Alina Vrieling

Alina is Assistant Professor in the Department for Health Evidence at Radboud University Medical Center in the Netherlands. Her research focuses on how diet and lifestyle affect bladder and kidney cancer survivorship.

Alina Vrieling, World Cancer Research Fund researcherHow did you get into cancer research?

I worked as a nutrition assistant while I was studying at university in the Netherlands. I saw how patients with cancer were struggling with their eating habits and became intrigued as to how diet can influence the development and progression of cancer.

I was so interested in these areas that I focused my Masters on them and continued my career in both nutrition and cancer research.

What part of your research career are you most proud of?

Together with my team, I have set up one of the very few studies worldwide which follows a group of 1,500 people with bladder cancer.

After a bladder cancer diagnosis, we collect patients’ lifestyle and clinical information so that we can provide evidence-based advice to people living with bladder cancer.

When you were a child what did you want to be when you grew up?

I wasn’t completely sure [but] at the end of high school, it became clear to me that I really wanted to do something with human health.

Bladder Cancer Awareness Month is marked every May in the UK – why are you interested in bladder cancer research?

Non-muscle-invasive bladder cancer, where the muscle layer of the bladder has not yet been reached, is the most common type of bladder cancer.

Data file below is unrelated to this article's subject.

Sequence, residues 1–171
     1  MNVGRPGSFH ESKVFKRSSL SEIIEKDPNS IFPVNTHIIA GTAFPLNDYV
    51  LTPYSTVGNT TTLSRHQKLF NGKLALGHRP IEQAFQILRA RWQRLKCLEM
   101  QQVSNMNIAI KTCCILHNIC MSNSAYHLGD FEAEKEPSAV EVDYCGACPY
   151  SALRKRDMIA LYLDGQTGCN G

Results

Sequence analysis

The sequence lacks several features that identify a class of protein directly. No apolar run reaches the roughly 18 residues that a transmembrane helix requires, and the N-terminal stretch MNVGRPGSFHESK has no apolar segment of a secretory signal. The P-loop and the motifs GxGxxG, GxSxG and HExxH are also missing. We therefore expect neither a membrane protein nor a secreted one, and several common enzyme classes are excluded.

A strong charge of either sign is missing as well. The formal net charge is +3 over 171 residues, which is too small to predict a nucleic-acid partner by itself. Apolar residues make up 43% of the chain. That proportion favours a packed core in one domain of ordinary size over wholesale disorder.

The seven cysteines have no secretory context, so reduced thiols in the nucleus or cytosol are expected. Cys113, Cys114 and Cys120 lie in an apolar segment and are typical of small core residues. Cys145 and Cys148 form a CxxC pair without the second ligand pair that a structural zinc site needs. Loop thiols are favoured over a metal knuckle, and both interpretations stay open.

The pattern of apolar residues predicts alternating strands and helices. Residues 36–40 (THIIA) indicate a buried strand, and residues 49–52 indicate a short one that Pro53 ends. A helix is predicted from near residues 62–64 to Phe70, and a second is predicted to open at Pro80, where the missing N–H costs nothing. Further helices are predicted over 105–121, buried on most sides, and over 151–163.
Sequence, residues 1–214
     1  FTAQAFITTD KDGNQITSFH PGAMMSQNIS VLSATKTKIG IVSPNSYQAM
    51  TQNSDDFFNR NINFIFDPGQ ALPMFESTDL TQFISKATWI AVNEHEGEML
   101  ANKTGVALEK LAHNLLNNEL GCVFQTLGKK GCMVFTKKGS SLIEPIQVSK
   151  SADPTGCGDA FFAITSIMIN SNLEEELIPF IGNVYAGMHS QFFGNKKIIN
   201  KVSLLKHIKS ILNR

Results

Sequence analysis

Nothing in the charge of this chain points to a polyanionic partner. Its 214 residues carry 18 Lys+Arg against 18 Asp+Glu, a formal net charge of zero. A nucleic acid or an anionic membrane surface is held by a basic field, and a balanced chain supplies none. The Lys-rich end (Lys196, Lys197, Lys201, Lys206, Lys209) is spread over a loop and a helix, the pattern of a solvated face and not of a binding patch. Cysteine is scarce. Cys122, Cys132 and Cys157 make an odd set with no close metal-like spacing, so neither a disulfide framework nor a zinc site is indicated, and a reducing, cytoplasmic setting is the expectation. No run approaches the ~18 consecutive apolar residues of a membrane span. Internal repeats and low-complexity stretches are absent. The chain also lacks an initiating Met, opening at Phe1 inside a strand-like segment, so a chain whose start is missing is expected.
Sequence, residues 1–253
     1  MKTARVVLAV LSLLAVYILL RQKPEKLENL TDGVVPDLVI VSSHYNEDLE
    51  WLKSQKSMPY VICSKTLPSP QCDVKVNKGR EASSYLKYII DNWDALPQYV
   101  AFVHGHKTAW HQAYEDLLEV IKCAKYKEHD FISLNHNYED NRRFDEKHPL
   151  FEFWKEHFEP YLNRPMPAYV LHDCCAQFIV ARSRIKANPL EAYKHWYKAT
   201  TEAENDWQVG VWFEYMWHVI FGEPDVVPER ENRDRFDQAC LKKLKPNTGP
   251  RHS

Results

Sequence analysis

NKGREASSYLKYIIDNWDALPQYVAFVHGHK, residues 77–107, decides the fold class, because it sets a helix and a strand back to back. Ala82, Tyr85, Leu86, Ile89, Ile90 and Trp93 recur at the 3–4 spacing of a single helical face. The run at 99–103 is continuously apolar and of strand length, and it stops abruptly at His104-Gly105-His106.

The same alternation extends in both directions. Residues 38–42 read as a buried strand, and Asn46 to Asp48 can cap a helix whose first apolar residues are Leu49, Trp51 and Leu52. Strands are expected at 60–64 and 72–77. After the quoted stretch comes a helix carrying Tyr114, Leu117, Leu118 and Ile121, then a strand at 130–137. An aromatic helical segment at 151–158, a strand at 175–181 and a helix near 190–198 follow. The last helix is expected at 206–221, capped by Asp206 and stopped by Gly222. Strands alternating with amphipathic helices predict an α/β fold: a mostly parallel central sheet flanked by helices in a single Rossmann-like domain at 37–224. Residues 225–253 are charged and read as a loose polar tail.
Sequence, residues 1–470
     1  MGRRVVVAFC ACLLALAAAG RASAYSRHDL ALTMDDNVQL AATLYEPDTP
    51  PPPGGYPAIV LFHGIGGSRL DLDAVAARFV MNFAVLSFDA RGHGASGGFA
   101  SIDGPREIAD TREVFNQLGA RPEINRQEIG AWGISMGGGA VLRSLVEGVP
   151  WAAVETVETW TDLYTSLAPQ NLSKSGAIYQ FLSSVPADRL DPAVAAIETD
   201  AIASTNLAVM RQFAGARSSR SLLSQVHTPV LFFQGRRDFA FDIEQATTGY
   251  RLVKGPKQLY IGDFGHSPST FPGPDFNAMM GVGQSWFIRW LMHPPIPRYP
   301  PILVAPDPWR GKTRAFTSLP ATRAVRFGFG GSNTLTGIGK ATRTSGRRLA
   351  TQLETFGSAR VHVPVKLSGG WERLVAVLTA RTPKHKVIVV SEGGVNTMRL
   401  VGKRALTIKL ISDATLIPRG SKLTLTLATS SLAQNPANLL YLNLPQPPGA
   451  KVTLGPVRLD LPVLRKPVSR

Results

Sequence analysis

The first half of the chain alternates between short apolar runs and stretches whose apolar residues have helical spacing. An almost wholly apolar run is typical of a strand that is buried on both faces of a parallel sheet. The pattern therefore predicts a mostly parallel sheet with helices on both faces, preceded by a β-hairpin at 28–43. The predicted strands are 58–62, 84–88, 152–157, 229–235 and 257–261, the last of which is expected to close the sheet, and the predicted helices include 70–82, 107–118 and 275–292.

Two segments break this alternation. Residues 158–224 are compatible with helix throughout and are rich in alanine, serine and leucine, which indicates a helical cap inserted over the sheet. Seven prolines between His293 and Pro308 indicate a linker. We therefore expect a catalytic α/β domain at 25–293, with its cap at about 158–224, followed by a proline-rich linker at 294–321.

Patients with non-muscle-invasive bladder cancer have a 50% risk of the cancer returning within 5 years. Often, people ask their doctor if there is anything they can do to reduce the risk of the cancer coming back. However, research is still very limited, and I want to do further work in this area.

What causes bladder cancer?

Bladder cancer is among the 10 most common cancers globally and the most important risk factor is smoking.

We have lots of studies now that show a link between our Recommendations and better outcomes, so where does your research fit into that picture?

Most studies to date show a link between the Cancer Prevention Recommendations, cancer risk and the rate of mortality. My team is the first to investigate the association between adherence to the Recommendations and the risk of recurrence in bladder cancer.

> See more of the evidence that our Recommendations work

What is the important message from your research to the public?

We found that patients who best kept to World Cancer Research Fund’s Cancer Prevention Recommendations had a 26% reduced risk of recurrence, compared with patients who kept to fewer Recommendations. I would advise patients with a bladder cancer diagnosis to follow the Cancer Prevention Recommendations, given the beneficial effects of eating a healthy diet and exercising regularly.

We’re funding your new research on vitamin D and bladder cancer. Vitamin D appears to be an important vitamin in bladder cancer – why is this?

Vitamin D has properties that protect against cancer by boosting the immune system. It may be less likely that your cancer will return if you have higher vitamin D levels in your blood.

More research needs to be done into the effect of vitamin D on bladder cancer recurrence.

Along with my team, I’ll be studying how levels of vitamin D in the blood, measured at 3 and 15 months after a bladder cancer diagnosis, are related to the likelihood of bladder cancer recurring and the quality of life of patients, through patient surveys. We’ll also study whether these relationships vary among patients with different characteristics, such as lifestyle factors or genetic variations.

> Read more about Anna’s research